Full of Flavor
Our Fresh Eggs
Of all the products produced at Corvus Farm, eggs are my favorite. I grew up eating cheap eggs, and I assume most of you did, too. If you’re still looking at grocery store eggs and balking at spending more than a buck and change for sterile, bleached, white huevos, then do I have news for you. Eggs are more than just a bright yellow texture that needs a ton of Tabasco to choke down. They have a full flavor. Their yolks are dark yellow to orange. And their shells come in a rainbow of colors from whites and creams, through browns and chocolates, to colorful blues and greens.
To make sure you get the best product possible, I supplement the chickens’ natural scratching and foraging with an organic layer pellet from Modesto Milling. That sounds pretty sterile, I know. But a pellet is a great way to meet the nutritional needs of a large layer flock. Often, though, a day’s pellets are left over, as the hens are eating things they find rather than a bucket of feed.
Chickens need more than quality feed for optimum health and great eggs. They need calcium, especially during the heaviest laying times of the year. I offer them crushed oyster shills on an at-will basis, meaning they can eat it if they need or want it. And the same goes for grit, which is a collection of small grains and pebbles they use in their gizzards to grind up the day’s feed.
The end result is a beautiful egg, both inside and out. Each egg is hand washed with just water. I never use detergents or chemicals to wash them. Then they’re packaged and delivered to market on the same day. The yolks tend to be a dark yellow hue, and some of them are downright orange. My eggs aren’t the bargain dozens in those Styrofoam containers. But I’m betting if you give them a try, you’ll be hooked on the full flavor and higher quality.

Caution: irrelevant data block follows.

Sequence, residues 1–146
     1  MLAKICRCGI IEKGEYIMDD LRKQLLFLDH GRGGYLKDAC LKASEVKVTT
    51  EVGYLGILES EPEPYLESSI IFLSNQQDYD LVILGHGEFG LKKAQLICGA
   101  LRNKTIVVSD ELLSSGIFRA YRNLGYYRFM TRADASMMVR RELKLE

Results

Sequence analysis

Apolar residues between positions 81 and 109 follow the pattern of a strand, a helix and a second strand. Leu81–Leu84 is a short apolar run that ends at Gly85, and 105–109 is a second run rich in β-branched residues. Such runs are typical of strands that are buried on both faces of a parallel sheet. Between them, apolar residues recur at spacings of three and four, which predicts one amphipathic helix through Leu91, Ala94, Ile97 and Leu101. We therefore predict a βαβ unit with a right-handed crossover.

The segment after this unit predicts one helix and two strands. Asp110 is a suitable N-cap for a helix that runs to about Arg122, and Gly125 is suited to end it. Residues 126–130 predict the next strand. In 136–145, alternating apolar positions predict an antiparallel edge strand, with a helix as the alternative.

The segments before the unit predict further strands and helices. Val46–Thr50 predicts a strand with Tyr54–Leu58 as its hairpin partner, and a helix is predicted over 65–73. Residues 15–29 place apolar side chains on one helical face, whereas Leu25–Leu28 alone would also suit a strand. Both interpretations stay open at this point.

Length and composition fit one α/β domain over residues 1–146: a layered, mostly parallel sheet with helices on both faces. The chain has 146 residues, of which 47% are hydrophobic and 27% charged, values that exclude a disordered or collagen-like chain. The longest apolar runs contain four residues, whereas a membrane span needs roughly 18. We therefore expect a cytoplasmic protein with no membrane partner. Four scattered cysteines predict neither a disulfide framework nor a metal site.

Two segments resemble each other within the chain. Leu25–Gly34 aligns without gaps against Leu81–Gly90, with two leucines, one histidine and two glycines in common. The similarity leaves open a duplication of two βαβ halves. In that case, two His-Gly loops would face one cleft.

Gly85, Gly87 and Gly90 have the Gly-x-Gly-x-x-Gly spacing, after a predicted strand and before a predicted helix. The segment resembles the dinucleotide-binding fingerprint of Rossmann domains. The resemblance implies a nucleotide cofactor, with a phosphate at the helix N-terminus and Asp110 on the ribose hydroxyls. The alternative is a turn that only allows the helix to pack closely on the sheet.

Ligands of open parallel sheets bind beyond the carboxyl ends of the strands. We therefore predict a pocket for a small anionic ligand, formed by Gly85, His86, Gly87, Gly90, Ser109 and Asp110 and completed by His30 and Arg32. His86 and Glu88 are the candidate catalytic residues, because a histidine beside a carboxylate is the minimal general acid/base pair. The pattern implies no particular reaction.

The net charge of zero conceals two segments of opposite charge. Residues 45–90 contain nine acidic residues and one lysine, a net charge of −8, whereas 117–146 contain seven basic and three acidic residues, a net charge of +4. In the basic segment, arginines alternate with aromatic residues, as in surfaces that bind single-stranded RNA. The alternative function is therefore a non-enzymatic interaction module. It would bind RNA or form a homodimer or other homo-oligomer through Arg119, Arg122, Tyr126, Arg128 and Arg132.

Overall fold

Changing the location
Mobile Range Coop (MRC)
When it comes to housing poultry, there are really two schools of thought. One views poultry as relatively hardy and able to withstand inclement weather and cold, while the other views poultry as more fragile and in need of a controlled environment for optimum health. I believe in the former. After years of viewing chickens acting more naturally, I am confident that the chickens and ducks are hardier than a lot of people realize. They’re wearing down coats! And the comfortable temperatures of the coast mean little exposure to extreme temperature fluctuations. Actually, it’s just the opposite. Even the hottest days seldom touch 80 degrees on the coast. And winter chills barely touch the low 40s. In other words, it’s ideal for poultry. So Corvus Farm focuses on keeping poultry in fresh air and on fresh pasture. MRCs are vital in keeping the flocks safe from wind and rain and predators while making sure they are always on the freshest areas of the farm.